Good choices are hard, especially in weak moments. Does it help us with our choices to know that Jesus had weak moments and tough choices, too?

Now Jesus, full of the Holy Spirit, left the Jordan and was led by the Spirit into the wild. For forty wilderness days and nights he was tested by the Devil. He ate nothing during those days, and when the time was up he was hungry.

The Devil, playing on his hunger, gave the first test: “Since you’re God’s Son, command this stone to turn into a loaf of bread.”

Jesus answered by quoting Deuteronomy: “It takes more than bread to really live.”

For the second test he led him up and spread out all the kingdoms of the earth on display at once. Then the Devil said, “They’re yours in all their splendor to serve your pleasure. I’m in charge of them all and can turn them over to whomever I wish. Worship me and they’re yours, the whole works.”

Jesus refused, again backing his refusal with Deuteronomy: “Worship the Lord your God and only the Lord your God. Serve him with absolute single-heartedness.”

For the third test the Devil took him to Jerusalem and put him on top of the Temple. He said, “If you are God’s Son, jump. It’s written, isn’t it, that ‘he has placed you in the care of angels to protect you; they will catch you; you won’t so much as stub your toe on a stone’?”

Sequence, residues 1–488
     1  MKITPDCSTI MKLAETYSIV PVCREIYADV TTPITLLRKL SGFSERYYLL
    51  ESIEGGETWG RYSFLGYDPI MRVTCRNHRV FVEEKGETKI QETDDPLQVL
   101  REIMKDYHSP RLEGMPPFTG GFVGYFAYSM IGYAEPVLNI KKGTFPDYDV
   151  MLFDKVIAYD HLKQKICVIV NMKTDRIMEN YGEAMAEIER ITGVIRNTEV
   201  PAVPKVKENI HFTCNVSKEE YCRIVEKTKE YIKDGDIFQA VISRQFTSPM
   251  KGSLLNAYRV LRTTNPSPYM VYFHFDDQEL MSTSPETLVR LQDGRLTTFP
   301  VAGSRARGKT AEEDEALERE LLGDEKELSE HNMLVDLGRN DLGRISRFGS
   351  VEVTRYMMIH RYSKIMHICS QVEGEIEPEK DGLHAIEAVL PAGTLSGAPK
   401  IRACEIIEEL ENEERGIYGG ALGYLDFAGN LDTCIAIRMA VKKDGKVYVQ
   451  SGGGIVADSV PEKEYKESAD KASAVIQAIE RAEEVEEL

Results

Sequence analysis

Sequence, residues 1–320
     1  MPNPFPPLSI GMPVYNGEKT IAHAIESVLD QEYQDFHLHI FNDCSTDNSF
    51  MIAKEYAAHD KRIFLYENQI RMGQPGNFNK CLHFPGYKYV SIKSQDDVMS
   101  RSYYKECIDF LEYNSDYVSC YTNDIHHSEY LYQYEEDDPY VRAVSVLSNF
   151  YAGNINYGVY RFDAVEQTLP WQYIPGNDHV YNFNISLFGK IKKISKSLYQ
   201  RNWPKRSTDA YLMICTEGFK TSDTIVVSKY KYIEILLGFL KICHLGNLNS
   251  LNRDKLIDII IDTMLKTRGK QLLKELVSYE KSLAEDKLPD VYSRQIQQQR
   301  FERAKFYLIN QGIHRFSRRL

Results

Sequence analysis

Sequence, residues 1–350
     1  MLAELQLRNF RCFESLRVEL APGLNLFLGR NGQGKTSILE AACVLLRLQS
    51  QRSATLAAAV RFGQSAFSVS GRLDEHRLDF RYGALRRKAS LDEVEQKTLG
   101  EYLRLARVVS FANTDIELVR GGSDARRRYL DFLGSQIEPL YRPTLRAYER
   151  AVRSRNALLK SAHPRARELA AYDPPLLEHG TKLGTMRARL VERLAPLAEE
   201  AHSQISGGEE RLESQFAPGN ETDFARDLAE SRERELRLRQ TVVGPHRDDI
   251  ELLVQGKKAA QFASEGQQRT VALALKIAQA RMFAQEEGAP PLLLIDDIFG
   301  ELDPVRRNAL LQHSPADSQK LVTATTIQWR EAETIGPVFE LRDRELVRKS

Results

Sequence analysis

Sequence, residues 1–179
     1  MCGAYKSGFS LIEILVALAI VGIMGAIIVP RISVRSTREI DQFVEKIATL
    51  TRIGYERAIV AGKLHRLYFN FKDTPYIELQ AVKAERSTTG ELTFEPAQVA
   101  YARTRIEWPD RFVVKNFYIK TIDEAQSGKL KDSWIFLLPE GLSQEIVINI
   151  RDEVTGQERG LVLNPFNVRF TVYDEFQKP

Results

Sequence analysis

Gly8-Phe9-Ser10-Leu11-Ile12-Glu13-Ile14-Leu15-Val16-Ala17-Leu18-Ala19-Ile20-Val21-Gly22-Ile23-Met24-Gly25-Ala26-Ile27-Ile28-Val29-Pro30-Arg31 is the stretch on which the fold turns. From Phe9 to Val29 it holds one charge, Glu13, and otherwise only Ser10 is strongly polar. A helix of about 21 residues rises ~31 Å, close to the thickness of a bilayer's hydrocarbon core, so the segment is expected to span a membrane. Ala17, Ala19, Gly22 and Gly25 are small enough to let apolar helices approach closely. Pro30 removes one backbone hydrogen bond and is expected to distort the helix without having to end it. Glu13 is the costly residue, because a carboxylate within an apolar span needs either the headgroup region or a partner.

“Yes,” said Jesus, “and it’s also written, ‘Don’t you dare tempt the Lord your God.’”

That completed the testing. The Devil retreated temporarily, lying in wait for another opportunity.

–Luke 4, The Message

A few things jump out at us from this story.

Temptation can be personal and even personified. We hear that little voice in our heads, saying “everyone is doing it”. Sometimes it’s even so plain it’s like a devil’s whisper.

Temptations aren’t one-and-dones. We never put them behind us once and for all. Jesus rejects three temptations, decisively. Then the devil retreats, but doesn’t totally give up. The devil lies in wait for another opportunity, at another opportune time. What does that tell us? That temptations are real, and they are very persistent.

What does temptation say about freedom of choice? That we can be tempted to make the wrong choice means freedom is real. We aren’t God’s puppets attached to the Almighty by strings. Jesus is led toward temptations, twice: he goes along. For temptation to be real, it means that Jesus actually considering giving in. But he doesn’t. We’re free to succeed, or fail. Having freedom of choice is a good thing. It’s also dangerous.

We’ll talk more about what these three temptations mean later. For now, the final lesson is that this story affirms that It’s okay that we have weak moments. Weak moments are normal, and to be expected. They can come right after we’ve felt our strongest. It’s not that we’re weak that matters, it’s what we choose to do in moments of weakness that defines us on the way.

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